In­juries open up new op­por­tu­ni­ties

Southern Gazette (South Perth) - - Sport - With Josh Kennedy

THROUGH pre-sea­son and into the first eight rounds of the year, a lot has been made of our in­jury list, which has been quite ex­ten­sive.

We ob­vi­ously know that we’re not go­ing to see Mitch Brown or Eric Mackenzie this year and that’s in­cred­i­bly dis­ap­point­ing. As team­mates you hurt for them be­cause you know how much work they have done to pre­pare for the sea­son.

Aside from Eric and Browny, we have also been with­out Scott Sel­wood and Jack Dar­ling. Then Simon Tun­bridge suf­fered a se­ri­ous an­kle in­jury and a cou­ple of the young blokes – Mur­ray New­man, Damien Cavka and Tom Lamb – have all spent most of the sea­son in the re­hab group, re­cov­er­ing from in­juries.

Un­for­tu­nately it's part of foot­ball and you feel for them.

It has cre­ated an op­por­tu­nity for some of the younger guys and they could hardly have been more im­pres­sive.

Coach Adam Simp­son used his post­match me­dia con­fer­ence af­ter our St Kilda win last week to cam­paign for first-year mid­fielder Liam Dug­gan to be nom­i­nated as the Ris­ing Star for round eight.

We all want that to hap­pen be­cause we reckon he de­serves the recog­ni­tion.

I was on the end of some lace-out passes from Duggo and I am go­ing to en­joy play­ing in front of him for a long time. He has be­come an im­por­tant part of a mid­field unit, which is re­ally do­ing a great job.

With the backs and mids do­ing their thing so well, it’s made life a bit easy for those of us play­ing for­ward. THE West Coast Ea­gles have al­ways had a strong con­nec­tion with in­dige­nous Australia, start­ing, in a play­ing sense, through the pres­ence of Chris Lewis and Phil Narkle as part of the in­au­gu­ral 35-man play­ing squad.

Along the 29-year jour­ney of the club, it has boasted some of the most ex­cit­ing in­dige­nous play­ers in the coun­try; Lewis, Narkle, Peter Mat­era, Ash­ley Sampi, Troy Ugle, David Wir­rpanda, Phil Mat­era and cur­rent play­ers like Shar­rod Welling­ham, Jamie Ben­nell and Josh Hill among them.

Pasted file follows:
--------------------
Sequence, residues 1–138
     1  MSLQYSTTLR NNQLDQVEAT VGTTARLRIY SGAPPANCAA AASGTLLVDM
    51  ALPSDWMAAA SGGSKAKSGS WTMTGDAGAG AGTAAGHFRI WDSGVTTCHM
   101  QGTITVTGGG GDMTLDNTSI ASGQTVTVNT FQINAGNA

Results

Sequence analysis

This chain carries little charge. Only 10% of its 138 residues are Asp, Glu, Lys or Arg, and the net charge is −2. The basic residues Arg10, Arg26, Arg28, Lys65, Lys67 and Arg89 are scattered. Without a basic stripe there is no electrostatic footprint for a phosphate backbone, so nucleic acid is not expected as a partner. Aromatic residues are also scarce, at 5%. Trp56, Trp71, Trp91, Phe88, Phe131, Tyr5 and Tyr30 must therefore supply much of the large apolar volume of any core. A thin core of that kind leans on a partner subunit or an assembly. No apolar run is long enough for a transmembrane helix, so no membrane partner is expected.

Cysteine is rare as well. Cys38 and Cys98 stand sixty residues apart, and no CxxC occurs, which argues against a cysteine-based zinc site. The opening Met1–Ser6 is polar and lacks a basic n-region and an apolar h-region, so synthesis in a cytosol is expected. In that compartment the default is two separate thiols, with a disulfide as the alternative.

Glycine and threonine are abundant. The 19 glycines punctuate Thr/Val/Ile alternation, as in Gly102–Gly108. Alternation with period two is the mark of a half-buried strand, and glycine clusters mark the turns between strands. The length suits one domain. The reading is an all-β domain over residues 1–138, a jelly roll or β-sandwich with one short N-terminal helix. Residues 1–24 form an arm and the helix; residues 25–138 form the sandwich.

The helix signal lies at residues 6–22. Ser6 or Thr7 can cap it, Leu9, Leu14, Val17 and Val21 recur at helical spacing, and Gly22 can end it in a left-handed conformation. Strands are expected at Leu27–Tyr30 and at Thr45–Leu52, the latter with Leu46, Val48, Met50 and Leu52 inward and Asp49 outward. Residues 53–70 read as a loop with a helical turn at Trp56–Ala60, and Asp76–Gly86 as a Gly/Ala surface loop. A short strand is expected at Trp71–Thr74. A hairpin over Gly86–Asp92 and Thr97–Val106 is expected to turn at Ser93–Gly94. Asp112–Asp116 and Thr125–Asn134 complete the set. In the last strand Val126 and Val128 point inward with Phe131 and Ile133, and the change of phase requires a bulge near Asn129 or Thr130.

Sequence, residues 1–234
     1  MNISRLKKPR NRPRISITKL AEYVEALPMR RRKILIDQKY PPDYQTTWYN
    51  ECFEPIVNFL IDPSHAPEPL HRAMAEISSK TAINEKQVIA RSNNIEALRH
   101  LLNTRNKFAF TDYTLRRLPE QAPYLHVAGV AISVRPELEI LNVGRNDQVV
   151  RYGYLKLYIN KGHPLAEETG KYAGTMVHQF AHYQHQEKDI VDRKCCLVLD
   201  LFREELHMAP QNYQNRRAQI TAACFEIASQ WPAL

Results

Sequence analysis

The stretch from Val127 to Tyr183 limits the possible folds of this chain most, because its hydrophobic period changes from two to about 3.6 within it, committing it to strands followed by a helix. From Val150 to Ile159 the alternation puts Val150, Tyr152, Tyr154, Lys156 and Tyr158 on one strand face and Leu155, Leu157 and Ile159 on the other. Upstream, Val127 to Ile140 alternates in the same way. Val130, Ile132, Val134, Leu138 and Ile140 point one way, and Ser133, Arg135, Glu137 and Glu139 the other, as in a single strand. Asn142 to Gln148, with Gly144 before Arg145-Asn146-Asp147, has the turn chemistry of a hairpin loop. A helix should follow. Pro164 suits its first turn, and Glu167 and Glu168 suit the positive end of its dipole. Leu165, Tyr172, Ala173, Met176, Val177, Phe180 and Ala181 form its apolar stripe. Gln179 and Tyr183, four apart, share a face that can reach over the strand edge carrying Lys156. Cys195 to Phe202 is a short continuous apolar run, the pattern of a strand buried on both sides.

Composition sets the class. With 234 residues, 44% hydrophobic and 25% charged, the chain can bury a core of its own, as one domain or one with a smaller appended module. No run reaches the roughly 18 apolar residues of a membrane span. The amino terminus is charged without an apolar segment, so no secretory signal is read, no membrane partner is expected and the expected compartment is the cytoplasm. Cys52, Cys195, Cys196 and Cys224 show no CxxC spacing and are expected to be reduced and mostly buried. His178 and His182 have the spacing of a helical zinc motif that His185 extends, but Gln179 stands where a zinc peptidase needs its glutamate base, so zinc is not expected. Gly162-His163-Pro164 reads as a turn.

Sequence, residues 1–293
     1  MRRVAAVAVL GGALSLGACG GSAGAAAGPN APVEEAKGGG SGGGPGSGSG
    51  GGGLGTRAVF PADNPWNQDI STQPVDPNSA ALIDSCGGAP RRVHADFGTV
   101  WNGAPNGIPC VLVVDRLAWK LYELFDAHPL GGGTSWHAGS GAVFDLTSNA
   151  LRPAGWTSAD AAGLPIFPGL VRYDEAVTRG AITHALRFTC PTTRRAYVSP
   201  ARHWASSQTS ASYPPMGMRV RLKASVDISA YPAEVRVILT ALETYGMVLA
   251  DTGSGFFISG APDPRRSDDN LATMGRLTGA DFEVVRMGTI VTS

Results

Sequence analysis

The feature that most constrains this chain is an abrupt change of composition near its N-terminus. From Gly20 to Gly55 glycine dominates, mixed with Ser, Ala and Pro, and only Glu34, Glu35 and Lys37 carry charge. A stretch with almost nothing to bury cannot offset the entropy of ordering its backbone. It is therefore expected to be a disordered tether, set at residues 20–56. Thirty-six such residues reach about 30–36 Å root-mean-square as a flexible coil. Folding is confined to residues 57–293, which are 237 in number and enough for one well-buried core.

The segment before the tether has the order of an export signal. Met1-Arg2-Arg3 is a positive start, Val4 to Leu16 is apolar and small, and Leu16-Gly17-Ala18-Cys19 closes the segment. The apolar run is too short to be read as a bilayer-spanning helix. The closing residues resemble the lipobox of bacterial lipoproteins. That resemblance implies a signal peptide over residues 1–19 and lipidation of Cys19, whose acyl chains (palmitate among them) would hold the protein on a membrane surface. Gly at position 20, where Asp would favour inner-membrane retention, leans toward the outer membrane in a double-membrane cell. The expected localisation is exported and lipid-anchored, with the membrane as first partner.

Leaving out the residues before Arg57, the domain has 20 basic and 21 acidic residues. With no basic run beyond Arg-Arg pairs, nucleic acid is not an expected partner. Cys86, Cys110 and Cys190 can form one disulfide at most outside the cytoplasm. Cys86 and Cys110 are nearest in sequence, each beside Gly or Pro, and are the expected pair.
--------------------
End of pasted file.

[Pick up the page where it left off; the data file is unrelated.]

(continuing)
They have made an enor­mous con­tri­bu­tion to the game and have de­lighted West Coast fans along the way.

West Coast’s an­nual home game to mark In­dige­nous Round oc­curs this Sun­day af­ter­noon, when the Ea­gles host Gee­long.

The club, which last year launched its first spe­cially de­signed in­dige­nous guernsey, based on the work of lo­cal Noon­gar artist Peter Farmer, has un­veiled a strik­ing yel­low ver­sion of that jumper to wear this week­end.

The guernsey tells the story of the waal­itj (wedge-tailed ea­gle), which is the strong­est totem in Noon­gar cul­ture. The tra­di­tional Noon­gar dreaming story is about a great drought; one where the an­i­mals and Noon­gar peo­ple could not find any fresh­wa­ter sources.

The waal­itj’s eye was the only one that could find wa­ter from search­ing high up in the sky. The Noon­gar peo­ple fol­lowed him and al­ways found a fresh wa­ter source.

His strength and power is re­spected and revered through­out Noon­gar coun­try be­cause of his ca­pac­ity to not sim­ply over­come ad­ver­sity, but to suc­ceed in places that oth­ers fail.

Sun­day’s match day ac­tiv­i­ties will be themed to ac­knowl­edge, cel­e­brate and pay trib­ute to the con­tri­bu­tion Abo­rig­i­nal and Tor­res Is­lan­der peo­ples have made to foot­ball.

Part of th­ese ac­tiv­i­ties in­clude help­ing to pro­mote the work of the Wir­rpanda Foun­da­tion to re­duce the gap be­tween Abo­rig­i­nal and non-Abo­rig­i­nal peo­ple in our so­ci­ety, as well as as­sist in rais­ing money to en­able this work to con­tinue.

Wir­rpanda Foun­da­tion pash­mina scarves, jig­saws, pins and caps will be avail­able.

Com­mu­nity News­pa­per Group is an af­fil­i­ated part­ner of the West Coast Ea­gles.

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